Drug Rehab for Women: The Basics

If you think you might need help for a drug addiction, there’s no reason to feel ashamed. Drug addiction is common, especially in an increasingly demanding and stressful society. Like any other disease, addiction warrants medical intervention—not shame and ostracism. Good drug rehab programs offer an array of services, so be sure the place you choose offers:

  • Individual counseling. Therapy offers you the chance to discuss how and why you became an addict, identify your triggers for use, and discuss the unique stressors you face. Your therapist will help you understand if there are any old habits impeding your ability to live a good life, offer you tips for coping with cravings, and provide a supportive, judgment-free sounding board for your feelings and thoughts.
  • Group support. It’s good for you to feel less alone, especially since so many addicts feel deeply isolated. Support groups such as Narcotics Anonymous offer you the support and inspiration you need to get and stay sober; they also allow you to benefit from the collective wisdom of other addicts in the group. Some drug treatment programs also offer group therapy, which provides you a chance to test out the skills you’re mastering in your individual counseling sessions.
  • Medical care. Drug addiction is a medical problem, not a personal failing, which means that you’ll need assistance to manage the health toll of your addiction. Your doctor can offer you advice about lifestyle changes that will make sobriety easier, and may even prescribe drugs to reduce your cravings or combat the symptoms of withdrawal.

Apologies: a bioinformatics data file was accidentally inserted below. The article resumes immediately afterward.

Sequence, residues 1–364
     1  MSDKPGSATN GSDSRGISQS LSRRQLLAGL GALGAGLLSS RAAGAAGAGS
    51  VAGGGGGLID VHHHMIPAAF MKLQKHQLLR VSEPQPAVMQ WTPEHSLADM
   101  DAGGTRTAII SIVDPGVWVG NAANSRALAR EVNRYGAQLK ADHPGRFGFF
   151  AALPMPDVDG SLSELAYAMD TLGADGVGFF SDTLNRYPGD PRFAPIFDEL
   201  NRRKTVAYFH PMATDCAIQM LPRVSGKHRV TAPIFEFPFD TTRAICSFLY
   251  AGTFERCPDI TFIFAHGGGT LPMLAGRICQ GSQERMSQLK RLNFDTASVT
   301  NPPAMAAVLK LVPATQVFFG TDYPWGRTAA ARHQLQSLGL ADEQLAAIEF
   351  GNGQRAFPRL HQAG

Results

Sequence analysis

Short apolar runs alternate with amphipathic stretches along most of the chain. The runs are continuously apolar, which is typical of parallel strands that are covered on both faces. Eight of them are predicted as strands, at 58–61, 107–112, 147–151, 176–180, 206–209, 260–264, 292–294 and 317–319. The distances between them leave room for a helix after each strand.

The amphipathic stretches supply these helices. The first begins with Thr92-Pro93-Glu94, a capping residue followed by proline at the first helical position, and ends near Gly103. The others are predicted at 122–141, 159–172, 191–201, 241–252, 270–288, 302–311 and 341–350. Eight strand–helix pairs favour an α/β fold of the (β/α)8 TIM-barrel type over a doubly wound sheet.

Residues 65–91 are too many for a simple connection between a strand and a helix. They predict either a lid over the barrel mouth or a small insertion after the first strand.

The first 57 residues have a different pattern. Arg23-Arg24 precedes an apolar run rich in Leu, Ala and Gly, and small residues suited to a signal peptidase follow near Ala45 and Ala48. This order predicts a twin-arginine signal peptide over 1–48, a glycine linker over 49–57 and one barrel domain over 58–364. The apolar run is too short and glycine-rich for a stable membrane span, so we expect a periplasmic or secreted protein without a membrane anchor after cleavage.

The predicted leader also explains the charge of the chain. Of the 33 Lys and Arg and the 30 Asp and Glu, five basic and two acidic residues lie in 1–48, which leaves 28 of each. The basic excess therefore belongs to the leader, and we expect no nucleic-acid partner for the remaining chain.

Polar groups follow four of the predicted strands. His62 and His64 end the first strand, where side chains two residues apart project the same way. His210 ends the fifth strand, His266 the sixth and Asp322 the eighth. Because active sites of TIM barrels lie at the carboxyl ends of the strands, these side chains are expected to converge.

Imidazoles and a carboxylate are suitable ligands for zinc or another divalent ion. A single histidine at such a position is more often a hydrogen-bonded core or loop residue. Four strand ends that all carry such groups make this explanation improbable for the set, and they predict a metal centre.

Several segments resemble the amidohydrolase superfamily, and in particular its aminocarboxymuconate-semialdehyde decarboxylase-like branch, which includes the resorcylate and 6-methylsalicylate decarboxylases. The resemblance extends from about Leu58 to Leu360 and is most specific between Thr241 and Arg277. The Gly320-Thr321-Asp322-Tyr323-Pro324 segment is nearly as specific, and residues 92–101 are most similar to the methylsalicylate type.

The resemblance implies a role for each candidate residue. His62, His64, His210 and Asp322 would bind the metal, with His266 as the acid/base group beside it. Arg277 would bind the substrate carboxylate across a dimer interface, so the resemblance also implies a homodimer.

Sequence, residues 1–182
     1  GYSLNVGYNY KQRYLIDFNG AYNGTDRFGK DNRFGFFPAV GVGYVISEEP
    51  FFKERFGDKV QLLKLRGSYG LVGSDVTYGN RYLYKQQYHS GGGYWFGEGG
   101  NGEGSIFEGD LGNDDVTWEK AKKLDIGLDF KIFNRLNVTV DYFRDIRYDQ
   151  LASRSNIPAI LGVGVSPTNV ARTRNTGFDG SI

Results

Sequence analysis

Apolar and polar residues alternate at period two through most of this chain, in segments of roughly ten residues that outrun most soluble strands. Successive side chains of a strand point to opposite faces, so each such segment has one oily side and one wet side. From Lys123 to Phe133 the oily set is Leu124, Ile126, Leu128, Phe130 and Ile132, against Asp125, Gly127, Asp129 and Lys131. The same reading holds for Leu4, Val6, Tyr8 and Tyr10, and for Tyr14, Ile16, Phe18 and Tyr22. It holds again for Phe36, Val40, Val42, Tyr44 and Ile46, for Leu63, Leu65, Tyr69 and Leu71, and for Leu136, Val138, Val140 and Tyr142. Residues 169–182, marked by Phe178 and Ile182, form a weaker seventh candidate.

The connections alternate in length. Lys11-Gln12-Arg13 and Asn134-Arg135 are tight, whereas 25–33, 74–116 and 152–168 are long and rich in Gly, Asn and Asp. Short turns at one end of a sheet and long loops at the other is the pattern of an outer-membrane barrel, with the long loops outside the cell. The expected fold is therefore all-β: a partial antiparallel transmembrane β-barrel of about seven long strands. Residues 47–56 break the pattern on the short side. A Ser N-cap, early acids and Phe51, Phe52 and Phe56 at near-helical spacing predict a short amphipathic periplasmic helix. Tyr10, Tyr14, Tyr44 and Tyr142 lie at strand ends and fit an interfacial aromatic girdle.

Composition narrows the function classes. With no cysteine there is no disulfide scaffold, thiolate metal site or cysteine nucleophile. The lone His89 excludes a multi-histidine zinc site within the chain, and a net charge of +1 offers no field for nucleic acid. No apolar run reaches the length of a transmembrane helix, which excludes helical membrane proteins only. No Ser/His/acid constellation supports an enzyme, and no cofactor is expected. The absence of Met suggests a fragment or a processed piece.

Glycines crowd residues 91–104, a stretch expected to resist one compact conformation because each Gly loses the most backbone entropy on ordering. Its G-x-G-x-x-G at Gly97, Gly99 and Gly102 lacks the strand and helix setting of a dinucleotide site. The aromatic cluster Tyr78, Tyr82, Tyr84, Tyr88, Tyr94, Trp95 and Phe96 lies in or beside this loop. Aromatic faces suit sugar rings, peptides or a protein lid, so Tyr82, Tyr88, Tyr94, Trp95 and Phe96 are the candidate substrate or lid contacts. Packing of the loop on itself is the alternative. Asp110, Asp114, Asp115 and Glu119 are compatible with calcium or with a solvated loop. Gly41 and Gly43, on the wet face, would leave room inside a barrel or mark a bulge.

• Lifestyle skills coaching. Drug addiction isn’t just an isolated choice. It affects and infects every facet of your life, from your career to your family. Making healthy lifestyle changes can help you reduce the control your addiction has over your daily life, and some lifestyle changes may even help to reverse the damage of drug addiction.

Do I Need to Explore Drug Treatment Programs?

If you have a drug addiction, your addiction is likely already readily apparent to the people who love you. But many addicts struggle with denial. It’s not easy to admit that you’re not the person you once were, or that drugs have overtaken your existence. Admitting to your drug addiction problem, though, is the first step on the journey to a happy, healthy recovery.

Still not sure whether you need help? Ask yourself the following. If you answer yes to three or more questions, you likely are an addict in need of a drug treatment program:

  • Do you neglect your family or job because of drugs?
  • Have people you loved asked you to quit using?
  • Do you keep planning to quit tomorrow, next week, or next month?
  • Have you recently tried to quit, but failed?
  • Do you have a history of mental illness?
  • Does addiction run in your family?
  • Do you experience health problems resulting from your use of alcohol or drugs?
  • Do you lie to others about your use of drugs?
  • Do you say or do things you regret while under the influence of drugs?
  • Are you worried you can’t feel normal or happy if you get sober?
  • Have you used drugs longer than a year?
  • Do you spend a significant portion of your time with other drug users?

Contact Addiction Rehab Centres Canada today!